Operant Conditioning Explained

Feb 26, 2017 |

Since dog trainers and behaviourists will attempt to explain the correctness of their training methods by using the terms “operant conditioning,” especially when they oppose the methods used by others, I have included this information. Operant conditioning is rooted in human psychology and was named by psychologist B.F. Skinner.

Operant conditioning is the modification of behaviour brought about over time by the consequences of said behaviour. Distinguished from Pavlovian conditioning, operant conditioning focuses on voluntary behaviour explained by its consequences, while Pavlovian conditioning focuses on involuntary behaviour triggered by antecedents (something that happens or exists before something else.)

According to Skinner “The innate behaviour studied by ethnologists is shaped and maintained by its contribution to the survival of the individual and species.  Operant behaviour is shaped and maintained by its consequences for the individual.”

There are four situations of operant conditioning. Here the terms “positive” and “negative” are not used in their popular sense.  Rather, “positive” refers to addition (+) and “negative” refers to subtraction (-). Also, reinforcers always strengthen behaviour; that is what “reinforced” means. Punishment is used to suppress behaviour.

1. Positive Reinforcement takes place when a behaviour (response) is followed by an appetitive (pleasant) response. Most dog trainers/behaviourist takes this literally to mean only food. I have supplied the definition of appetitive below.

ap·pe·tite  (plural ap·pe·tites)noun Definitions:1. desire for food: a natural desire for food 2. strong desire: a strong desire or craving for something[14th century. Via French < Latin appetitus “desire” < appetere “seek after” < petere “seek” (see petition)]ap·pe·ti·tive adj

As you can see it can mean anything that is strongly desired; a toy, love and affection, a trip to the Bahamas – name your desire.

2. Negative Reinforcement takes place when a behaviour is followed by the removal of an adverse (unpleasant) stimulus thereby increasing that behaviour – a negative “reinforcer” reinforces when it is withdrawn.  Negative reinforcement is not punishment. An example would be the Skinner box experiment where a loud noise continued inside the rats’ cage until a lever was pressed which caused the noise to cease.

3. Positive Punishment takes place when a behaviour (response) is followed by an adverse (unpleasant) stimulus such as a shock or loud noise which results in a decrease in that behaviour.

4. Negative Punishment takes place when a behaviour (response) is followed by the removal of a appetitive stimulus, such as taking away a toy, which results in a decrease in that behaviour.

Skinners experiments did not involve reflexive, impulsive or instinctive behaviours, as he believed these behaviours existed outside the parameters of operant conditioning.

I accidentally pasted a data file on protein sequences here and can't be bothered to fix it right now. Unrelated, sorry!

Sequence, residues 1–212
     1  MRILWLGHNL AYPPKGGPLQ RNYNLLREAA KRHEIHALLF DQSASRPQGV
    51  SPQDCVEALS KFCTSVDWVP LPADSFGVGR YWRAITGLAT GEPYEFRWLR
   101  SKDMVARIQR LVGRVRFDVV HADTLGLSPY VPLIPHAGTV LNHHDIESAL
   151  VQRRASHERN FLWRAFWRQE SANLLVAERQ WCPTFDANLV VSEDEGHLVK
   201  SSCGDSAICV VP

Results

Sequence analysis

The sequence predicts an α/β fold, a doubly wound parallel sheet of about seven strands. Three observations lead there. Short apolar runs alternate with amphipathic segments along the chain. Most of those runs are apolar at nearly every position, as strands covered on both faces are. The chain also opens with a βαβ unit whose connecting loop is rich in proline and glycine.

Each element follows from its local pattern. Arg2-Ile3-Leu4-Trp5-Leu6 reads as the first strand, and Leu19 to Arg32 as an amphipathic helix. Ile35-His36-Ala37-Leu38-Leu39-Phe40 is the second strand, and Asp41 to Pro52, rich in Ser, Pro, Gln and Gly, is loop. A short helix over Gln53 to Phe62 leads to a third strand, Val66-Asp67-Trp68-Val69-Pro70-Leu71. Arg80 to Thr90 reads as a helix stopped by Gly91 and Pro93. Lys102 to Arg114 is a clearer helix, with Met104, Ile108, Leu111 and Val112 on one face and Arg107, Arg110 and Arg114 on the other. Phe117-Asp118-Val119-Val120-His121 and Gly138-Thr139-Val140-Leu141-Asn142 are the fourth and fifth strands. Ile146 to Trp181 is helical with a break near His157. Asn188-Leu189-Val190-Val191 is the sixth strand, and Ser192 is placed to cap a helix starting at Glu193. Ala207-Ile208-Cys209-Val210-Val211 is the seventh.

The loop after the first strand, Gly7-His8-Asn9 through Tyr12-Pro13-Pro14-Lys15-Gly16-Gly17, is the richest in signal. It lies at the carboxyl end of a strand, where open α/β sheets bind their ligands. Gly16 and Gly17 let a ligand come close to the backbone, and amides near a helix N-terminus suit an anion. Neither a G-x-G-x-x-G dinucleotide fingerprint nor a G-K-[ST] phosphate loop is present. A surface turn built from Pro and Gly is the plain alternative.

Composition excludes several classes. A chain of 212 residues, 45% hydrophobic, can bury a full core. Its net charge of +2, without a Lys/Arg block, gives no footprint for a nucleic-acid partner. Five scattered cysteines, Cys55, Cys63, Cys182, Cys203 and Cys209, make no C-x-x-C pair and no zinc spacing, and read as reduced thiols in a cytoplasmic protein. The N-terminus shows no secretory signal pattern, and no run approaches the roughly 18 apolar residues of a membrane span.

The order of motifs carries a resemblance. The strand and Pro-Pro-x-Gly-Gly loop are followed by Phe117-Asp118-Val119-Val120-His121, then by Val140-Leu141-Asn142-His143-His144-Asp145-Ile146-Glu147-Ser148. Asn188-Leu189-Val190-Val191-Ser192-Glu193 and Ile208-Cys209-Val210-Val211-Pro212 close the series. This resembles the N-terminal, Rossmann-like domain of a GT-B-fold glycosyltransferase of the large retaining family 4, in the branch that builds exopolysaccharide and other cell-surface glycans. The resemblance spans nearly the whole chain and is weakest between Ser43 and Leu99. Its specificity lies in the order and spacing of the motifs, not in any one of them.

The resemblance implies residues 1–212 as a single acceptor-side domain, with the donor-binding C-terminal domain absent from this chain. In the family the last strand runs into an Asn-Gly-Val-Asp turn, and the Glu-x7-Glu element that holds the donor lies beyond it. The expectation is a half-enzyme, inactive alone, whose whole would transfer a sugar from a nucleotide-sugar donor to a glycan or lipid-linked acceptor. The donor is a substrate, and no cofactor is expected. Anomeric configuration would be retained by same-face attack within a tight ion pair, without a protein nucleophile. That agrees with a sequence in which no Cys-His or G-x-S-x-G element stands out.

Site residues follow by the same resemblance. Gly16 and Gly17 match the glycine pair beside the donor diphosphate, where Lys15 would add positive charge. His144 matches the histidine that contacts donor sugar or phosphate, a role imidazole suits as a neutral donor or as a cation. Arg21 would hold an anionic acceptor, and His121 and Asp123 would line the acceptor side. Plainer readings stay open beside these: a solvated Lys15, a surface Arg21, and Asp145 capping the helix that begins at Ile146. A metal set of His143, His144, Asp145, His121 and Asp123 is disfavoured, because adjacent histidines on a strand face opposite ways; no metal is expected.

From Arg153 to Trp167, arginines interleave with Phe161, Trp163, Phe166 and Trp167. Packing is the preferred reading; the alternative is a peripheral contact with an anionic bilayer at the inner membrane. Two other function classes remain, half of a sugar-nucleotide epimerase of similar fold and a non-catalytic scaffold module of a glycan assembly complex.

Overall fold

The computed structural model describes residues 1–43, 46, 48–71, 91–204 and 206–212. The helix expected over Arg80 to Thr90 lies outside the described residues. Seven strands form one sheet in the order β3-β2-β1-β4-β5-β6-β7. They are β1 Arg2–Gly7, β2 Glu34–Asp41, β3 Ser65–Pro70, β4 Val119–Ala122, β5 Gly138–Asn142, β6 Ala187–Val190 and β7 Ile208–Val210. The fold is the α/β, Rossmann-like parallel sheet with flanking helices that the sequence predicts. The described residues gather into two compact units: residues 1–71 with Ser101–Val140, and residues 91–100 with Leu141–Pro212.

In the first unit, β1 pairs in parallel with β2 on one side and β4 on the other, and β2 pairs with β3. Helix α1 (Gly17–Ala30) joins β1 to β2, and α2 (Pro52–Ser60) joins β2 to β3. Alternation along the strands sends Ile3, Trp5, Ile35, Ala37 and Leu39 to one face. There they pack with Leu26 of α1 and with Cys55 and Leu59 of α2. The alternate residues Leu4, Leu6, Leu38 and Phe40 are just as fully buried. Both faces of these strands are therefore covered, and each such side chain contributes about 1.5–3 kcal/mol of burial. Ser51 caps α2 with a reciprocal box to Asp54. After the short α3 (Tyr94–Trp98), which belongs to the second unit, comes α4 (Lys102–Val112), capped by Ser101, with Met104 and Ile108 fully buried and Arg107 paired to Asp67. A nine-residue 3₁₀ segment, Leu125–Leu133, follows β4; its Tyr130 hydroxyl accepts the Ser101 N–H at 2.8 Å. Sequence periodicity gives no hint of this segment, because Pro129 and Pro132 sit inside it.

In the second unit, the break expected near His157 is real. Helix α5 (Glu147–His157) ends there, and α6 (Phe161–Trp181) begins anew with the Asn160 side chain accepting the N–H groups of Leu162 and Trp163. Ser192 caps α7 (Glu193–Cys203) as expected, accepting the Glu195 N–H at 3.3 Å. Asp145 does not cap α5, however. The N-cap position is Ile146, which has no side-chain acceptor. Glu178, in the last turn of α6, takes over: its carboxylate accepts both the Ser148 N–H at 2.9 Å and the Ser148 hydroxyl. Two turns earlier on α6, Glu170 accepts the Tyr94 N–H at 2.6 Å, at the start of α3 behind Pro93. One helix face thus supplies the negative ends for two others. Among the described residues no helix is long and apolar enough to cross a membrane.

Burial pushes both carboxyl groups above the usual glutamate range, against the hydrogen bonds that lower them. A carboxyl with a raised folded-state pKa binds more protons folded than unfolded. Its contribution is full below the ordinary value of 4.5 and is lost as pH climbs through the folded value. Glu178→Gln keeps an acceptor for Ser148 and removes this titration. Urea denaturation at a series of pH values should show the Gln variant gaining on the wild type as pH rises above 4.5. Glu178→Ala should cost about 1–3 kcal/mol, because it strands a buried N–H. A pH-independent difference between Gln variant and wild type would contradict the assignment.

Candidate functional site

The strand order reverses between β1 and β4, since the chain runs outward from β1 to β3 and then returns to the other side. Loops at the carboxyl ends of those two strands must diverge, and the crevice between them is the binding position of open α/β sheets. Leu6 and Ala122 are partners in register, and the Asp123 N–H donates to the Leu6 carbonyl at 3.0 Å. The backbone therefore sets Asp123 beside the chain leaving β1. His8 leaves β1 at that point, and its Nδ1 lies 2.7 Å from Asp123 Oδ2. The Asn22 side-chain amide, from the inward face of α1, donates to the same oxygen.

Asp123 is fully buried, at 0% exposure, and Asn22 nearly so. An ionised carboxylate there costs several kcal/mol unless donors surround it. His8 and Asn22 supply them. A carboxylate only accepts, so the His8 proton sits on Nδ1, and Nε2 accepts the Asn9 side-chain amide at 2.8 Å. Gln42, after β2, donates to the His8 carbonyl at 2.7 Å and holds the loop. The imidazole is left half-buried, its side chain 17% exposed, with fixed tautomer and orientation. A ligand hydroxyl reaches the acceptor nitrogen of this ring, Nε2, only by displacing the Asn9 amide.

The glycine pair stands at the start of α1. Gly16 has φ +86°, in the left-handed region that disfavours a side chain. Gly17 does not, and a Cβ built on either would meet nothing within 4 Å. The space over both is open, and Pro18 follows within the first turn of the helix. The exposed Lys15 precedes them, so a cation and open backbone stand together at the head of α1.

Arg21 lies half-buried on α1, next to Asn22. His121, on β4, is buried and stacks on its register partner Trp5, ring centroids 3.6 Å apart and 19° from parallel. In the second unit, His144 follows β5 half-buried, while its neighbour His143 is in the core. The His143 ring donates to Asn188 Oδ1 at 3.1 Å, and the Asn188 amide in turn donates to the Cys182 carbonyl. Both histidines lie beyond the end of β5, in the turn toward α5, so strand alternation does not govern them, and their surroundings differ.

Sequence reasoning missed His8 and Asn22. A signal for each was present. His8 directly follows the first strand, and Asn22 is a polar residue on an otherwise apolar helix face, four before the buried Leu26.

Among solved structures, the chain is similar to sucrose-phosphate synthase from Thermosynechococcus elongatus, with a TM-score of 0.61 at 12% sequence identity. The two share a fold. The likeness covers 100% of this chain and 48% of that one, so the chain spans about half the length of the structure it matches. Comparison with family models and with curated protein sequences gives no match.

Classical Conditioning Explained

Food training for dogs really came about because of research being done in the early part of the 20th century involving digestion which ended up becoming a study by Ivan Pavlov regarding Classical Conditioning. I am sure you have heard the saying “bell rings, dog salivates”. Pavlov’s experiment proved that all animals could be trained or conditioned to expect a consequence on the results of previous experience.

Pavlov began pairing the sound of a bell with giving dogs meat powder. He found that even when the meat powder was not presented, the dog would eventually salivate after hearing the bell. Since the meat powder naturally results in salivation, these two variables are called the unconditioned stimulus and the conditioned stimulus. The bell and the salivation are not naturally occurring (the dog was conditioned to respond to the bell.) Therefore, the bell is considered the conditioned stimulus and the salivation in response to the bell is the conditioned response.

As I see it, because of the strong instinctual “drive” present in dogs, there are limitations to applying only Operant Conditioning theories or only Classical Conditioning theories with regard to dog training.

A drive is an internal mechanism that pushes the dog into taking action. All dogs have certain basic drives. The only real difference among dogs is a matter of degree.  The basic drives are: Prey, Rank/Pack, Defence (Fight)/ Defence (Flight) All are deeply situated in the natural survival instincts of the canine. There are other very strong drives that can be detected and developed for service dog work.

According to the laws of operant conditioning, “any behaviour that is consistently rewarded every single time will be produced only intermittently and will therefore not be reliable.” Using a dog’s “drive” along with operant conditioning can produce much more consistent results.

Allowing for these instincts enhances the learning process and using them can strengthen the bond between owner and dog. Give your dog a job, activity or purpose every day. Make time for play, rest and work and your dog will thrive.

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